Posts Tagged ‘epigenética’

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Tuesday May 22nd, 2018

IDIBAPS researchers decipher how leukaemia’s genome works

A team of researchers from IDIBAPS show for the first time the complete epigenome of chronic lymphocytic leukaemia, the most common type of leukaemia. The study, published in Nature Medicine, provides a high-resolution map of the functions of the genome, which steps forward into cancer molecular research. The comparison of the map for this type of leukaemia with the map of healthy cells shows hundreds of regions that change their functionality in leukaemia which help to understand the illness better and represent potential targets for the development and application of new therapies. Read the rest of this entry »

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Thursday November 17th, 2016

Clinic-IDIBAPS researchers identify that the epigenetic history of lymphoma predicts its clinical course

A study published in the journal Cancer Cell  deciphers for the first time the epigenome of mantle cell lymphoma, an aggressive type of cancer derived from B lymphocytes, the cells of the immune system responsible for producing antibodies. The research reveals in detail the epigenetic history of lymphoma. On the one hand, it identifies the cell of origin and, on the other, it reveals that the more the epigenome of tumor cells evolves, the more aggressive the patient’s clinical course is. In addition, researchers discover that three-dimensional DNA conformation changes in lymphomas and leads to the activation of cancer genes. Dr. Iñaki Martín-Subero has coordinated the study. He is researcher at the University of Barcelona and at the Molecular Mechanisms of Lymphoid Neoplasms IDIBAPS research group, led by Dr. Elías Campo.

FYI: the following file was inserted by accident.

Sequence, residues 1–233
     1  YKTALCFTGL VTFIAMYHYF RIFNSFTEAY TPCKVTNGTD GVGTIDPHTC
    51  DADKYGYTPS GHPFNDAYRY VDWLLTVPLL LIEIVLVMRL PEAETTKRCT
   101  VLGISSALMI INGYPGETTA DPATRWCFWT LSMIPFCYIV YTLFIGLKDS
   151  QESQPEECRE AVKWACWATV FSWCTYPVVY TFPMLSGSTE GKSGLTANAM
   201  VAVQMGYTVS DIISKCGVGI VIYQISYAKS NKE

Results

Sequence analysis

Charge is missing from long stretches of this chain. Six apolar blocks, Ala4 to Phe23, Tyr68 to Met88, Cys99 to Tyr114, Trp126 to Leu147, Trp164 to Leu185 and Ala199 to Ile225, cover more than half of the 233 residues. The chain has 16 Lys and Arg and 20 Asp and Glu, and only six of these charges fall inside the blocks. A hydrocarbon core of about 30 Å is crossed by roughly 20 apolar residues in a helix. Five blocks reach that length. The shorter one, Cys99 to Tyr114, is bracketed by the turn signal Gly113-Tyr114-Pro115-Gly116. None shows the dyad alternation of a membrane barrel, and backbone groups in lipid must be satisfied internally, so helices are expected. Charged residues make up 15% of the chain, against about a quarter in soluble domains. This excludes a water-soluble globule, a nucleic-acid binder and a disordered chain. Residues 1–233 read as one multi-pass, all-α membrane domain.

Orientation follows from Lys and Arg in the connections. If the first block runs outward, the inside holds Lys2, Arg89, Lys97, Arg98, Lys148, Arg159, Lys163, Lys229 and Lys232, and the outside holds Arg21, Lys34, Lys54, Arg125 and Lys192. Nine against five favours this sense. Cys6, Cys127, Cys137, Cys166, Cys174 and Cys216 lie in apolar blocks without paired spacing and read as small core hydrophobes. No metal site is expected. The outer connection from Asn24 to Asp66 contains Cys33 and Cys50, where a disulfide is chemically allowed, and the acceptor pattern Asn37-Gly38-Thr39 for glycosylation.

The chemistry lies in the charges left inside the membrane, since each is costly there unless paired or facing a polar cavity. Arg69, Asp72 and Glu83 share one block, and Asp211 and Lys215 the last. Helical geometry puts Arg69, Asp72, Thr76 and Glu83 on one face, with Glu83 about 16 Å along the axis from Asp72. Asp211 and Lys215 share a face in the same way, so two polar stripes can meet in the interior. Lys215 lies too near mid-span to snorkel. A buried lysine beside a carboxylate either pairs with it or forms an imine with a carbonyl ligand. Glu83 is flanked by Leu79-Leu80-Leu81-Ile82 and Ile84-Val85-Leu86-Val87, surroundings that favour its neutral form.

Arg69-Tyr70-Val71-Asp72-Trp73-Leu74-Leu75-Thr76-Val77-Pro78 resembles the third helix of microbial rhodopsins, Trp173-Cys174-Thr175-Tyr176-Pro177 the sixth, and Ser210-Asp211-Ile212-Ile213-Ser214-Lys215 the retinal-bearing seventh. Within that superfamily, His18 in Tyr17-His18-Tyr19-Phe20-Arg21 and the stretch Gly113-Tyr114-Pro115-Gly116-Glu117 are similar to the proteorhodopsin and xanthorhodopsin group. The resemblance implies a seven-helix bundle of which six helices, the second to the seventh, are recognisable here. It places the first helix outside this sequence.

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Tuesday September 27th, 2016

IDIBAPS researchers identify a new therapeutic target for liver cancer

IDIBAPS researchers have identified the first epi-driver in liver cancer, a type of epigenetic alteration in the IGF2 gene that causes tumors to grow. In the study, published in the Gastroenterology journal, they have found that this alteration occurs in 15% of tumors and that a monoclonal antibody can effectively block it and slow tumor progression in animal models. Dr. Josep M. Llovet, ICREA Professor, Head of the Translational research in hepatic oncology IDIBAPS group and Director of the Mount Sinai Liver Cancer Program at Icahn School of Medicine at Mount Sinai (New York), has coordinated this study. The first authors of the article are Iris Martínez-Quetglas and Roser Pinyol, researchers at the same team.

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